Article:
NASCAR champion Julia Landauer to share leadership insights
Igniting the drive to win
What drives success? How can you position yourself to maximize your potential? NASCAR driver and Stanford University STEM graduate Julia Landauer addresses these issues during her keynote presentation at Mount Mary's Voices of Leadership event on March 14.
A graduate of Stanford University, where she earned a Bachelor of Science degree in Science, Technology, and Society, Julia is a two-time champion NASCAR racer and was a contestant on season 26 of CBS' reality TV show Survivor. She has collaborated with Spotify, Disney/Pixar, and Girlboss Radio, has been written about by The New York Times, Entrepreneur, Bloomberg, and espnW. As Julia continues to develop her career and brand on and off the track, she uses her platform to advocate for STEM education and women's empowerment.
Her speech, "Can Nice Girls Win (Races)?" is part of a leadership event bringing together and engaging Milwaukee's professional community around topics and ideas that underscore the mission of Mount Mary University. Registration is now open.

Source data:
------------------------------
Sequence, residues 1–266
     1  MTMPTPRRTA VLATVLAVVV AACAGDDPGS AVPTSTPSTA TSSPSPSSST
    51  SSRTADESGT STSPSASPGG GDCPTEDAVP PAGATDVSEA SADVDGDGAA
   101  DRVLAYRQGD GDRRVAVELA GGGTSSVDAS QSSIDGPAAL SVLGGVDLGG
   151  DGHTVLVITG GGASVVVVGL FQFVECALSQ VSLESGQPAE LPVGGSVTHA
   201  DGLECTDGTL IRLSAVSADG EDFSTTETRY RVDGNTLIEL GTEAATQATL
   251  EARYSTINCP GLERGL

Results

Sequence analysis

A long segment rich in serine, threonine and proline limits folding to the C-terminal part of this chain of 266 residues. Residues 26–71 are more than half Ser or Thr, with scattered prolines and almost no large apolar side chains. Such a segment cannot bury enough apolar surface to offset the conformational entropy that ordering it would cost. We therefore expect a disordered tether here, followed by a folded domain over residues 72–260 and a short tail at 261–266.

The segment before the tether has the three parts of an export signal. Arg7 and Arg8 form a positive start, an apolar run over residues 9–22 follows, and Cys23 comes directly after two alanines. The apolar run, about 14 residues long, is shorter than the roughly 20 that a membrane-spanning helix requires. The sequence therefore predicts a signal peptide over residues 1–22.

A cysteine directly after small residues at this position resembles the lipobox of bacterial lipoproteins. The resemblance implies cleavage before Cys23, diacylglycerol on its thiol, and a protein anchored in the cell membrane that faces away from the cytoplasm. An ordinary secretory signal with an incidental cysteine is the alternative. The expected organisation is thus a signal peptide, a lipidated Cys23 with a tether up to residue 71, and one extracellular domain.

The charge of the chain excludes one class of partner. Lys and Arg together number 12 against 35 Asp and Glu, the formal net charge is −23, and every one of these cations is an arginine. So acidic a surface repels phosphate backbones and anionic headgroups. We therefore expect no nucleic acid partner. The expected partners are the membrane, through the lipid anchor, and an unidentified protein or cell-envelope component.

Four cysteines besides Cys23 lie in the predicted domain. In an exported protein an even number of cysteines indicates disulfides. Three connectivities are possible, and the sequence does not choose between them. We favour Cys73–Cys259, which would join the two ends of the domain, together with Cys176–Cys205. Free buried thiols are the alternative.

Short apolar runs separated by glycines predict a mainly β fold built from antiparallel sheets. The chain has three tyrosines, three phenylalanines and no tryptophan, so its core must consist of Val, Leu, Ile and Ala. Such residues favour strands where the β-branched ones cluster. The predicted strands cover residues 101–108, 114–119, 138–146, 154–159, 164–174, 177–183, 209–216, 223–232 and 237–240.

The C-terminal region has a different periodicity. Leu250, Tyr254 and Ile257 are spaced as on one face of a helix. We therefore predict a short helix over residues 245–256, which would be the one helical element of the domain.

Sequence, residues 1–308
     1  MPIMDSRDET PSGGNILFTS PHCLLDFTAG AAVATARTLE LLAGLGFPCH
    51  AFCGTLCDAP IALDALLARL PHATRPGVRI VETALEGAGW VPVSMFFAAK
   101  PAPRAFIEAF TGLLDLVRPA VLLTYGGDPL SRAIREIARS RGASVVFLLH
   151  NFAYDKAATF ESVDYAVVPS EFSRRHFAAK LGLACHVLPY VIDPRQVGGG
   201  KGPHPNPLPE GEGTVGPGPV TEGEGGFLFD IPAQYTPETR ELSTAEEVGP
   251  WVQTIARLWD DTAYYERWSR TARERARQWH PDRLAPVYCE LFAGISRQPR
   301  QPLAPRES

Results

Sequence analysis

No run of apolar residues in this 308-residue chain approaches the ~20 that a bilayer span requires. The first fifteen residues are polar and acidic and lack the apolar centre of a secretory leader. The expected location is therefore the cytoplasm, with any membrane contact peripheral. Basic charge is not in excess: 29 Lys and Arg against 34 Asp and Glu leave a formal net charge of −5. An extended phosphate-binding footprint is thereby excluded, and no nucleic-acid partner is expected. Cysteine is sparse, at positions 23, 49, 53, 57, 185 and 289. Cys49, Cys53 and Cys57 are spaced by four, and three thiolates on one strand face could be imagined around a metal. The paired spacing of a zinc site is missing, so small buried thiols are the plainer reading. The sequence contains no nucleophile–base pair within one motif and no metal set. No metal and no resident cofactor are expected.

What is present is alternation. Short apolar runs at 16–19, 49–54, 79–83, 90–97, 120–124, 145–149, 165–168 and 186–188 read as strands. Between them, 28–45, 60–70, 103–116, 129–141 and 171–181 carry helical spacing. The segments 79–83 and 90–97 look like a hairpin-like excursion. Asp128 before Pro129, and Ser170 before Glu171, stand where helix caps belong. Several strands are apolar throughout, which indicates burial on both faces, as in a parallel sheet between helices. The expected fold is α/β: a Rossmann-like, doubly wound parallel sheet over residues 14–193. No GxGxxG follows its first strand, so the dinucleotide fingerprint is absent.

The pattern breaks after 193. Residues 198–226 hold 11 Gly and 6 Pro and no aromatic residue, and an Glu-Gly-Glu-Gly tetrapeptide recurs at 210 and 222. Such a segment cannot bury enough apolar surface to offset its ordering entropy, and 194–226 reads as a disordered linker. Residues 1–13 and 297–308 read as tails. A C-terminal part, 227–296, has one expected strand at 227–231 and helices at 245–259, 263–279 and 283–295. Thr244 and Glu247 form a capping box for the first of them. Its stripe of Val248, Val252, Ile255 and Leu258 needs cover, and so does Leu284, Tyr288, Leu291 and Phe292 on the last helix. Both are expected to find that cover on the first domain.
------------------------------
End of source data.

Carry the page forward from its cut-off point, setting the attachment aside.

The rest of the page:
"Last year, Forbes named Landauer to its 30 under 30 list because of her innovative, can-do spirit, which is also alive and present at our all-women's institution," said Mount Mary President Christine Pharr, Ph.D.
Past presenters include Malala Fund co-founder Shiza Shahid; fashion model, designer, activist, social innovator and entrepreneur Lauren Bush Lauren; White House advisor to former President Barack Obama Betsy Myers; media executive Shabnam Mogharabi of media and entertainment company SoulPancake; former Hewitt Packard CEO and political candidate Carly Fiorina; and Pampered Chef founder Doris Christopher.
Voices of Leadership is sponsored by Johnson Controls, Children's Hospital of Wisconsin and the Gustave A. Larson Company.
Julia Landauer, powered by passion
"I think it’s important for me to project parts of myself and my journey—what has worked and not worked—to help others. I’m very raw and honest in my public speaking events. I don’t mince words. I give audiences a bit of a kick in the pants to say, 'Hey, we faced this, but we can overcome it.' If someone who didn’t have the kind of support system that I had growing up can take something I said on stage and grow from it, that’s incredibly powerful."